Presentation - University of Maryland

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2 Δεκ 2013 (πριν από 3 χρόνια και 6 μήνες)

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XMT
-
GPU

A PRAM Architecture for
Graphics Computation

Tom DuBois, Bryant Lee, Yi Wang, Marc Olano and Uzi Vishkin

Bifurcation Between CPU and GPU

CPUs


General purpose, serial

GPUs


Special purpose, parallel

CPUs are becoming more parallel


Dual and quad cores, roadmaps predict many
-
cores


Unclear how to build or program these many
-
cores

GPUs more general


Gaining momentum for more general apps

Is Unification Possible?

Can a single general purpose, many
-
core
processor replace a CPU + GPU?

It must be


Standalone


no coprocessor needed


Easy and flexible to program


Competitive on anything with CPUs


Competitive on graphics with GPUs

We choose a unification candidate (XMT) in part
because it satisfies the first 3

During the Q&A session we welcome your
thoughts on what else could be used

Main Experiment and Results

Can XMT satisfy the 4
th
?

Simulate surface shading (a common graphics
app) on GP and GPU representatives

Mixed results


XMT slightly faster on some GPU tasks


GPUs significantly faster on others

Unification unlikely, but momentum may shift
towards GP

CPU History Overview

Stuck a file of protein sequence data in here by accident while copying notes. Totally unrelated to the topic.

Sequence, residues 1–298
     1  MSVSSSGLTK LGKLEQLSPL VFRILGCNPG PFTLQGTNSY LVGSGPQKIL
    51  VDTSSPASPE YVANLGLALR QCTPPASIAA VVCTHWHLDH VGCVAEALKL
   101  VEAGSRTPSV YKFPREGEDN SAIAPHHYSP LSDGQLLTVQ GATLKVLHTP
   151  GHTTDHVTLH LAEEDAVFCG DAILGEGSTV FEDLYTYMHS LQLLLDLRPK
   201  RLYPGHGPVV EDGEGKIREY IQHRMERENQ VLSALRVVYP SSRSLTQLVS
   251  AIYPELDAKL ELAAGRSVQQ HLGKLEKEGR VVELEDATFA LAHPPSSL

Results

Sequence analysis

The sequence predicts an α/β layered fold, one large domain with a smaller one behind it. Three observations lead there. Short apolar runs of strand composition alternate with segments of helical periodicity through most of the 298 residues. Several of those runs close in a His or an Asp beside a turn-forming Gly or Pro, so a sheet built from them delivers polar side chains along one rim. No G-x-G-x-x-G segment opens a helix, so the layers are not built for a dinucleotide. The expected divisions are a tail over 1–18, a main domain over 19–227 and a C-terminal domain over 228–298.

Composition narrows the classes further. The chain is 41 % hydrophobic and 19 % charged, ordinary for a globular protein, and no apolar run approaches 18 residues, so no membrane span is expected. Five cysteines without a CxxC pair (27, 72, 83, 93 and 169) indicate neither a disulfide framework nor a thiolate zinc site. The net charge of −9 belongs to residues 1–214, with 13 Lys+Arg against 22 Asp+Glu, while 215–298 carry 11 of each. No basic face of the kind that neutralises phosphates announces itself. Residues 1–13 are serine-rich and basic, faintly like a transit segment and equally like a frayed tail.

Serial random access machine programming
model


Great success story, dominant model for decades


Popular for both theory and practice


Relies on faster serial hardware for performance
gains
-

no longer sufficient

Multi
-
cores available (2
-
4 cores/chip)

Many
-
cores on horizon (100’s or 1000’s); but
how will they looks?

What Will Future CPUs Look Like?

Future from major vendors unclear


Proposals try to look like serial RAM to programmers


Long term software spiral broken

PRAM (parallel random access machine)


Model preferred by programming community

natural extension of serial

scalable

included in major algorithm textbooks


Discounted because of difficulty building one


Recently building one has become feasible

XMT: eXplicit Multi
-
Threading

PRAM
-
on
-
chip vision under development at the
University of Maryland since 1997


Targeting ~1000 cores on chip


PRAM
-
like programmability


On chip shared L1 cache provides memory bandwidth
necessary for PRAM


Previous work has established XMT’s performance on
a variety of applications


Simulator and FPGA implementations available


www.umiacs.umd.edu/users/vishkin/XMT


Programming XMT

XMTC: Single
-
program multiple
-
data (SPMD) extension
of standard C which resembles CRCW PRAM

Spawning creates lightweight, asynchronous threads,
serial execution resumes once all threads complete


XMT FPGA In Use

64 Processor, 75MHz prototype

Used in undergrad theory class (also: non
-
major
Freshmen and 35 high
-
school students)


6 significant projects


No architecture discussion, minimal XMTC discussion

GPU History Overview

Stream programming model


Streams and kernels: simple and easily exploits
locality for some tasks


Handles irregular, fine
-
grained, and serial code
poorly

Originally very inflexible